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EMBO Mol Med. 2017 May;9(5):545-557. doi: 10.15252/emmm.201607199.

Delivery is key: lessons learnt from developing splice-switching antisense therapies.

Author information

1
Department of Physiology, Anatomy and Genetics, University of Oxford, Oxford, UK.
2
Centro de Biología Molecular Severo Ochoa UAM-CSIC, CIBERER, IdiPaz, Universidad Autónoma de Madrid, Madrid, Spain.
3
Department of Medical Biology, University of Tromsø, Tromsø, Norway.
4
UPMC, INSERM, UMRS 974, CNRS FRE 3617, Institut de Myologie, Paris, France.
5
Centre for Integrative Biology, University of Trento, Trento, Italy.
6
Centre for Amyloidosis and Acute Phase Proteins, Division of Medicine, University College London, London, UK.
7
Grup d'Investigació en Malalties Neuromusculars i Neuropediatriques, Institut d' Investigació en Ciències de la Salut Germans Trias i Pujol, Badalona Barcelona, Spain.
8
Dubowitz Neuromuscular Centre and Developmental Neuroscience Programme, Institute of Child Health, University College London, London, UK.
9
Drug Discovery Informatics Lab, Qasemi-Research Center, Al-Qasemi Academic College, Baka El-Garbiah, Israel.
10
Drug Discovery and Development Laboratory, Institute of Applied Research, Galilee Society, Shefa-Amr, Israel.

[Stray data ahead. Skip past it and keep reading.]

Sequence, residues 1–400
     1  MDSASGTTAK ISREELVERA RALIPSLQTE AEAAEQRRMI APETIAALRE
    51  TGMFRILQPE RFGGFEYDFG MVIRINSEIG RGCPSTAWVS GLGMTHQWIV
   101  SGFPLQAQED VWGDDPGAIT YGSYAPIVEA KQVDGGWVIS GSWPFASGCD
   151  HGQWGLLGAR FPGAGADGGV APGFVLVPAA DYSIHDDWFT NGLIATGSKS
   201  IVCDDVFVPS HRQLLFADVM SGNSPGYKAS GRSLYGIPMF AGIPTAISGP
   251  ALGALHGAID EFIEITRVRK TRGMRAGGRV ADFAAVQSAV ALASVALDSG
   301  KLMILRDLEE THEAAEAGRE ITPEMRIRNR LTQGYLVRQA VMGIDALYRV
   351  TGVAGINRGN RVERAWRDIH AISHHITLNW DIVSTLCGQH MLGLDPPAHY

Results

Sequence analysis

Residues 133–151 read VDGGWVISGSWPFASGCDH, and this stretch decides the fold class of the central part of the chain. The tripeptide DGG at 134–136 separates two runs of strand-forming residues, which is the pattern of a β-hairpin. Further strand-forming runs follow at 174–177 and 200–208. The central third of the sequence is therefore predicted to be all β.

11
Department of Laboratory Medicine, Karolinska Institute, Stockholm, Sweden.
12
Institute of Technology, University of Tartu, Tartu, Estonia.
13
Centre for Neuroendocrinology, Division of Medicine, University College London, London, UK.
14
Department of Cellular and Molecular Medicine, University of Copenhagen, Copenhagen, Denmark.
15
Department of Human Genetics, Leiden University Medical Center, Leiden, The Netherlands.
16
INSERM U1179, UFR des sciences de la santé, Université Versailles Saint Quentin, Montigny-le-Bretonneux, France.
17
Neuromuscular Disorders Group, BioCruces Health Research Institute, Barakaldo Bizkaia, Spain virginia.arechavalagomeza@osakidetza.eus.

Abstract

The use of splice-switching antisense therapy is highly promising, with a wealth of pre-clinical data and numerous clinical trials ongoing. Nevertheless, its potential to treat a variety of disorders has yet to be realized. The main obstacle impeding the clinical translation of this approach is the relatively poor delivery of antisense oligonucleotides to target tissues after systemic delivery. We are a group of researchers closely involved in the development of these therapies and would like to communicate our discussions concerning the validity of standard methodologies currently used in their pre-clinical development, the gaps in current knowledge and the pertinent challenges facing the field. We therefore make recommendations in order to focus future research efforts and facilitate a wider application of therapeutic antisense oligonucleotides.

KEYWORDS:

RNA therapy; antisense oligonucleotides; delivery; pre‐clinical models; toxicity

PMID:
28289078
PMCID:
PMC5412803
DOI:
10.15252/emmm.201607199
[Indexed for MEDLINE]
Free PMC Article

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